SS Ben-my-Chree (1845)

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For other ships of the same name, see Ben-my-Chree.
Painting of Ben-my-Chree departing Douglas.
Ben-my-Chree.
Career
Name: Ben-my-Chree
Owner: 1845-1860: Isle of Man Steam Packet Company
Operator: 1845-1860: IoMSPCo.
Port of registry: Douglas, Isle of Man
Builder: Robert Napier, Glasgow
Cost: £11,500 (£992,674 as of 2014).[1]
Laid down: 1845
Launched: 3rd May, 1845
Acquired: 1845
Maiden voyage: 1845
Out of service: 1860
Identification: Official Number 21922
Code Letters H J H L
ICS Hotel.svgICS Juliet.svgICS Hotel.svgICS Lima.svg
Fate: Sold on behalf of the IoMSPCo. by Todd & McGregor to the African Steamship Company[2]
Status: Last reported as a hulk on the Bonny River, 1930[3]
General characteristics
Type: Paddle Steamer
Tonnage: 458. (However the Company's list gives the tonnage as 399). GRT
Length: 151 ft 9 in (46.3 m)
Beam: 23 ft 0 in (7.0 m)
Depth: 12 ft 5 in (3.8 m)
Propulsion: Napier Side Lever Engine (taken from Queen of the Isle), developing 140 shp (100 kW) driving twin Paddle wheels
Speed: No official speed recorded, but estimated at 9 knots (17 km/h; 10 mph)

SS (RMS) Ben-my-Chree (I) No. 21922 was an iron paddle-steamer which served with the Isle of Man Steam Packet Company, and was the first vessel in the company to bear the name.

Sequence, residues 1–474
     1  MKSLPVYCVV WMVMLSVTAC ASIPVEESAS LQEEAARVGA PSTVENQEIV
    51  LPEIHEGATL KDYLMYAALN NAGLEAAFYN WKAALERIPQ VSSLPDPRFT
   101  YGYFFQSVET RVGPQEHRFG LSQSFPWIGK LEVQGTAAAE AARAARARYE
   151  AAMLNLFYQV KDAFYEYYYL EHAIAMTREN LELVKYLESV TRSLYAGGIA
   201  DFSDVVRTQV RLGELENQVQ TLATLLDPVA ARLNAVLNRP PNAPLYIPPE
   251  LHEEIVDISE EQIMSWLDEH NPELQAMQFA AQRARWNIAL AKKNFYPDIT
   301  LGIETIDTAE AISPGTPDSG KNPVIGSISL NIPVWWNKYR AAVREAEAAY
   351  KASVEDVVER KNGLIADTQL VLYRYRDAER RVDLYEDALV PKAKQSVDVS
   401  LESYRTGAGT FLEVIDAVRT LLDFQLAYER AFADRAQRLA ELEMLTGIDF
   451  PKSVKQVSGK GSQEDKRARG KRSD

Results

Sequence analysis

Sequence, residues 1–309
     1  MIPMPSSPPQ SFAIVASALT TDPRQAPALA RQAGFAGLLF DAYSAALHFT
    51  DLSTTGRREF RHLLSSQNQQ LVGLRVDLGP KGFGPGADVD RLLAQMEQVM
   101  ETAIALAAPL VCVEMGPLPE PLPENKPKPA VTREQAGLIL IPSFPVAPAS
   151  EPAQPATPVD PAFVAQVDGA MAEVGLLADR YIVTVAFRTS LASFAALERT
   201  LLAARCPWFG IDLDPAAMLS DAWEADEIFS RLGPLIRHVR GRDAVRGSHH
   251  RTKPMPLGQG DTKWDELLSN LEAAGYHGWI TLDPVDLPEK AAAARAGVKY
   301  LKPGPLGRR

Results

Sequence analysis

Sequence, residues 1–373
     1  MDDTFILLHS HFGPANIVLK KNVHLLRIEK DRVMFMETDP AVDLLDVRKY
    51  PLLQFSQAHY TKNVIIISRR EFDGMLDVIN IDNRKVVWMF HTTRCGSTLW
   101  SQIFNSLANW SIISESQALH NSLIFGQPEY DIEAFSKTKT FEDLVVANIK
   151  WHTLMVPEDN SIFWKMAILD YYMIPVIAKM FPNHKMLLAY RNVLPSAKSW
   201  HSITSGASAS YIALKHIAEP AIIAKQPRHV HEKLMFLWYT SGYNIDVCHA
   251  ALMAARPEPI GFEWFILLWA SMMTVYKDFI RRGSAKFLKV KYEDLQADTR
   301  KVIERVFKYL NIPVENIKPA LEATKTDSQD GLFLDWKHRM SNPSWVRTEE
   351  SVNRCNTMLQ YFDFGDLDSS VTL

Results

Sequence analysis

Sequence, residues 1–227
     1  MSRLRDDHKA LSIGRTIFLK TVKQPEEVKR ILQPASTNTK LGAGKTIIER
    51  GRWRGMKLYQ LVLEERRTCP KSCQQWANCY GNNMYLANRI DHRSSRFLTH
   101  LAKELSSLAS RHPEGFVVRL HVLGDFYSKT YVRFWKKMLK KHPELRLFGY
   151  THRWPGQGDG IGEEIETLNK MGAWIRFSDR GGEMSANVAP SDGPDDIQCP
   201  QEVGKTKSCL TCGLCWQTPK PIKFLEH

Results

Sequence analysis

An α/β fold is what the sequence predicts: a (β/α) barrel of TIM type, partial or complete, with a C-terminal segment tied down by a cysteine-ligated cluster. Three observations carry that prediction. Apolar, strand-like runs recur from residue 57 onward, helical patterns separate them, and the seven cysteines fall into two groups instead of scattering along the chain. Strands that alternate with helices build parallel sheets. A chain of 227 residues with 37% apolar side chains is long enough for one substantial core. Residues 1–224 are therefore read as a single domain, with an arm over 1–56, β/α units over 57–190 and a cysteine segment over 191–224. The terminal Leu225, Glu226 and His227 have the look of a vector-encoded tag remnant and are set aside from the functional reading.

Dimensions[edit]

Ben-my-Chree had a registered tonnage of 458. However, in the Company's Fleet List it was recorded as 399. Length 151'9"; beam 23'; depth 12'5"; speed (approximately) 9 knots.

Construction and service life[edit]

Ben-my-Chree was built by Robert Napier & Son at Glasgow in 1845 at a cost of £11,500. Ben-my-Chree '​s engine was taken from another Company ship, the Queen of the Isle, before that vessel was sold and converted to a full rig sailing ship. The speed of Ben-my-Chree is not recorded, but Napier's engine had produced a speed of 9 knots in the earlier ship. It is also recorded that while the first registration of the Ben-my-Chree gives her tonnage as 458 GRT, the Company's Fleet List and other sources give it as 399 GRT. Boiler pressure had increased slightly in the 13 years since the start of the Steam Packet Company, and this vessel's was 20 pounds per square inch (140 kPa).

Ben-my-Chree has the distinction of being the first iron-built vessel in the Steam Packet Fleet.[4]

Disposal and subsequent fate[edit]

After 15 years service, Ben-my-Chree was disposed of by the Company in 1860. She was sent to Leith, Scotland, and sold by Tod and McGregor for £1,200 (£98,347 2014)[1] to the African Steamship Company.

After many years service, she was reported to be lying a hulk on the Bonny River, West Africa, 85 years after her launching.[5]

References[edit]

  1. ^ a b UK CPI inflation numbers based on data available from Gregory Clark (2014), "What Were the British Earnings and Prices Then? (New Series)" MeasuringWorth.
  2. ^ Fred Henry. Ships of the Isle of Man Steam Packet Company (1977 p.65)
  3. ^ Fred Henry. Ships of the Isle of Man Steam Packet Company (1977 p.65)
  4. ^ Ships of the Isle of Man Steam Packet Company (Fred Henry), p.65
  5. ^ Fred Henry. Ships of the Isle of Man Steam Packet Company (1977 p.65)